NEW YORK: Levi’s, the apparel brand, has developed a brick-and-mortar retail experience that is based on deep consumer insights and reflects the evolving preferences of shoppers.
Carrie Ask, EVP/president of global retail at Levi Strauss & Co., discussed this subject in a keynote session at the 2018 CommerceNext conference.
“I’m here to tell you physical retail is not dead,” she asserted.
“Boring retail is dead and consumers are expecting more from stores, and how they evolve with them, and how they adapt to them.”
Levi’s, which runs roughly 750 owned stores in 31 nations, turned this idea into practice via research in six countries, and that included – among other things – shopper surveys, as well as studying customer journeys and the fitting-room experience.
“We took the planners with us, the merchandisers, our supply-chain partners, [and] IT. We worked across global, regional, and store teams. And we were in stores, 24/7, shoulder-to-shoulder as our teams delivered the consumer experience,” Ask said.
One of the “moments of truth” that emerged was that people walking into a Levi’s store had a very high purchase intent. In order to ensure they could find the right product, the brand has simplified its in-store nomenclature.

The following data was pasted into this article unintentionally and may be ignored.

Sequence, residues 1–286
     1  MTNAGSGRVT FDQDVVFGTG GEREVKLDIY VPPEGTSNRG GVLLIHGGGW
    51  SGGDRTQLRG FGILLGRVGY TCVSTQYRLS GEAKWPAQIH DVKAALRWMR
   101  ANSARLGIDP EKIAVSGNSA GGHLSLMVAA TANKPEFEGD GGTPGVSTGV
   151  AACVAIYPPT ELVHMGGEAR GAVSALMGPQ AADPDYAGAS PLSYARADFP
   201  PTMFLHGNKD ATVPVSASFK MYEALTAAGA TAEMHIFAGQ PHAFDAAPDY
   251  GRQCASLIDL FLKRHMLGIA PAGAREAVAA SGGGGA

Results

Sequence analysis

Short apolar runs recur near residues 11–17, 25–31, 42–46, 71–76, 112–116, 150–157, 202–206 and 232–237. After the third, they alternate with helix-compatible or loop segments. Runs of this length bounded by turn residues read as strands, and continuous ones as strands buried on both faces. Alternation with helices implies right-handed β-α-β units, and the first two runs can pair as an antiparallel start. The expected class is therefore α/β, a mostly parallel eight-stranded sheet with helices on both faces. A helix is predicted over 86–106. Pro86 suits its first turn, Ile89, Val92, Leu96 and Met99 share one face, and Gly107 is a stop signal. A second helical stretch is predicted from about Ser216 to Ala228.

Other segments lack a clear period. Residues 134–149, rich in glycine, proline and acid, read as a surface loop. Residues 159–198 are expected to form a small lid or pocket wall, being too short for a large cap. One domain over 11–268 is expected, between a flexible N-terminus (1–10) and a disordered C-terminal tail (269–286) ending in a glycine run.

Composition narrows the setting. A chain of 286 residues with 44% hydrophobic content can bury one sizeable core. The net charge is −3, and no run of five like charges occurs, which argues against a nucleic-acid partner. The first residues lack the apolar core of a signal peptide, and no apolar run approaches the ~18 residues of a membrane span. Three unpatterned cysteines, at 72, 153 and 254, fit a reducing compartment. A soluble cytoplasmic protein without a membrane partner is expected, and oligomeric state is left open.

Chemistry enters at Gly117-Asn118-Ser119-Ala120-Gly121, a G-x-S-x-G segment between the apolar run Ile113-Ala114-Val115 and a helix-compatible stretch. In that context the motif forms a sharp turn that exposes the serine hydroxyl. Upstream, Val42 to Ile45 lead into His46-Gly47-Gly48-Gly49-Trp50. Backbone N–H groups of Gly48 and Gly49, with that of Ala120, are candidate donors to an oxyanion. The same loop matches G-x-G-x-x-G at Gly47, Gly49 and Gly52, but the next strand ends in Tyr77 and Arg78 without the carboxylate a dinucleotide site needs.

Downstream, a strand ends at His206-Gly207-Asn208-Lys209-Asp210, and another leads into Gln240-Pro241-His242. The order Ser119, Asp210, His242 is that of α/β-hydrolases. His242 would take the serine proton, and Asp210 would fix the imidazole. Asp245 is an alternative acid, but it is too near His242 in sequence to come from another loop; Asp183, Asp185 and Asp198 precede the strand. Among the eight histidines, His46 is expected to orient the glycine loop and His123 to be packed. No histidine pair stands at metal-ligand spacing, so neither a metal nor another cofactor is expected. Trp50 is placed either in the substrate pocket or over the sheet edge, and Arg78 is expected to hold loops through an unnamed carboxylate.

The other steps it has taken include providing far more spacious fitting rooms, as a good experience during this element of the purchase journey was a significant driver of the likelihood to purchase.
“You had somewhere comfortable to sit. You had somewhere to set all of your things. We improved the lighting,” Ask said in describing some of the changes.
Its research further demonstrated that many consumers want to truly stand out. “Forty percent of them indicated they were interested in personalised clothing. And this jumped to 50% for the 16-to-24 and 25-to-39 age groups,” she reported.
In response, Levi’s has handed a greater amount of floor space over to the “tailor shops” within its four walls that let customers give their purchases a truly distinctive twist.
And, behind the scenes, it has used new technology to better track overall inventory. “We can now scan 10,000 units in ten minutes, close the scan, and immediately print a pull-and-place list that gets us back in stock at the size level,” said Ask.